[ Naxos / CD ]
Release Date: Monday 29 July 2002
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"If you care about Walton, or enjoy Diaghilev-style ballets of moderate length but great orchestral color and harmonic sophistication, you owe it to yourself to hear this terrific recording."
(10/10 ClassicsToday March 2009)
"Tightness of time may have influenced the wide range of borrowings in The Quest - from Vaughan Williams, Stravinsky and Walton himself - but the music is expertly crafted, with some masterful melody-writing in the final scene. The suite from The Wise Virgin, also undertaken for Ashton, makes an apt companion."
- Edward Bhesania, The Observer 30 June 2002
"It has some good, tuneful, occasionally dramatic music which deserves revival, especially in the composer's centenary year. And, using Walton's original scoring for the first time on disc, David Lloyd-Jones and the ENP make the best possible case for it."
- Anthony Burton, BBC Music Magazine July 2002
"The Quest, a truly major work, played more or less as Walton himself intended. If you care about Walton, or enjoy Diaghilev-style ballets of moderate length but great orchestral color and harmonic sophistication, you owe it to yourself to hear this terrific recording."
(10/10 ClassicsToday March 2009)
"This brilliant atmospheric performance from the English Northern Philharmonia under David Lloyd-Jones is all the more welcome for presenting the work for the first time in the composer's original orchestration...A colorful addition to the centenary junketings."
- Richard Wigmore, The Daily Telegraph 22 June 2002
Walton's characterful and highly theatrical score for his only original ballet, The Quest, is the most enigmatic of his entire œuvre. At forty minutes duration it constitutes one of his half-dozen most substantial works, yet since the limited run of the original production in 1943 it has received only two further performances, a first recording in 1990 and the present one. Part of the explanation lies in the fact that, in the confusion of wartime, Walton and the ballet company lost track of its whereabouts; only in 1958 was the score rediscovered in a warehouse in North London.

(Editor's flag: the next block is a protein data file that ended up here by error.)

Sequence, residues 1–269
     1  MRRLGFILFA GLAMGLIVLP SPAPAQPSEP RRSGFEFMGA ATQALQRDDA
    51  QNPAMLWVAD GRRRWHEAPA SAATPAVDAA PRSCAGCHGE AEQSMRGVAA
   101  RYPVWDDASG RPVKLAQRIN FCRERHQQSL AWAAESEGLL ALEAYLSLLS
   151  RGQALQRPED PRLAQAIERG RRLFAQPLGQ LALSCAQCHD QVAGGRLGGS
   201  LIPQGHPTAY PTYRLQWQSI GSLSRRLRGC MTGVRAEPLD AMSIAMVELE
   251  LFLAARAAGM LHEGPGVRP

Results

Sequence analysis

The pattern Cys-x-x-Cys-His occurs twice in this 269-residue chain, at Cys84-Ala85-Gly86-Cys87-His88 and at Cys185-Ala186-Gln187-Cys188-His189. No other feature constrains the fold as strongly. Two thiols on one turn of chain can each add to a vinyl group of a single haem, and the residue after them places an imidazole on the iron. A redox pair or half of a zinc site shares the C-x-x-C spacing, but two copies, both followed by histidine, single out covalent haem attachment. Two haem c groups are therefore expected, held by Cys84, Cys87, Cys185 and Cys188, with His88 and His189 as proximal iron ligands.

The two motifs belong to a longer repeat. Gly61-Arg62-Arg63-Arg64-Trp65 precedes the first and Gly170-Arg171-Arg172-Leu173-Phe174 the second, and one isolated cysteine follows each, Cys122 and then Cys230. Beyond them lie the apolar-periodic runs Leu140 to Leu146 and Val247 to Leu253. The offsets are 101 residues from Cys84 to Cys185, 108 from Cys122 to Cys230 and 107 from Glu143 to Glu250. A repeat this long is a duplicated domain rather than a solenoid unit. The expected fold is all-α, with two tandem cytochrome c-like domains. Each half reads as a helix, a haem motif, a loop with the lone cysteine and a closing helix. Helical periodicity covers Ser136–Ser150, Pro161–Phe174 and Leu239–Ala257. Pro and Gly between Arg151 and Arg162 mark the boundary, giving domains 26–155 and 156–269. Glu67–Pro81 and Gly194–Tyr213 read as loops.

In 1943 the Sadler's Wells Ballet was in a very low state of morale because its chief choreographer, Frederick Ashton, had for two years been serving as an intelligence officer in the RAF. Thanks to the efforts of Kenneth Clark, the distinguished art historian, later author of the television series Civilization, he was suddenly given six week's leave to create a new ballet for the company. Ashton decided that Walton was the obvious choice of composer for a major new score, and to inspire and assist him, made a detailed timed synopsis of what was required, which Walton was to follow remarkably closely.
Less obvious was the subject matter that Ashton chose for his new ballet. This was a scenario prepared by his friend the writer Doris Langley Moore that was derived from the allegorical poem The Faerie Queene by Shakespeare's contemporary Edmund Spenser. Intractable material for a ballet, it might be thought, but as it featured St George and presented in graphic form the conflict between good and evil, it provided a good opportunity to present a morale-boosting patriotic spectacle at a low point in the war.
The conditions under which the ballet was created were far from ideal, quite apart from the very tight schedule imposed by the limitations of Ashton's leave. The company was on tour, while Walton was living in rural Northamptonshire. Getting the piano score of each hurriedly composed section to Ashton and the company was fraught with difficulty, and the composer frequently had to resort to bribing guards on trains to act as couriers.
Eventually choreography, orchestration and design came together, and the ballet received its première on 6th April 1943 at the New Theatre, London. Ninette de Valois' Sadler's Wells Company danced, scenery and costumes were by John Piper, Constant Lambert conducted and the cast included Margot Fonteyn, Beryl Grey, Moira Shearer and Robert Helpmann. Sadly the production failed to impress and did not stay long in the repertory, although both Ashton and Walton found an opportunity to tighten its structure.
The Wise Virgins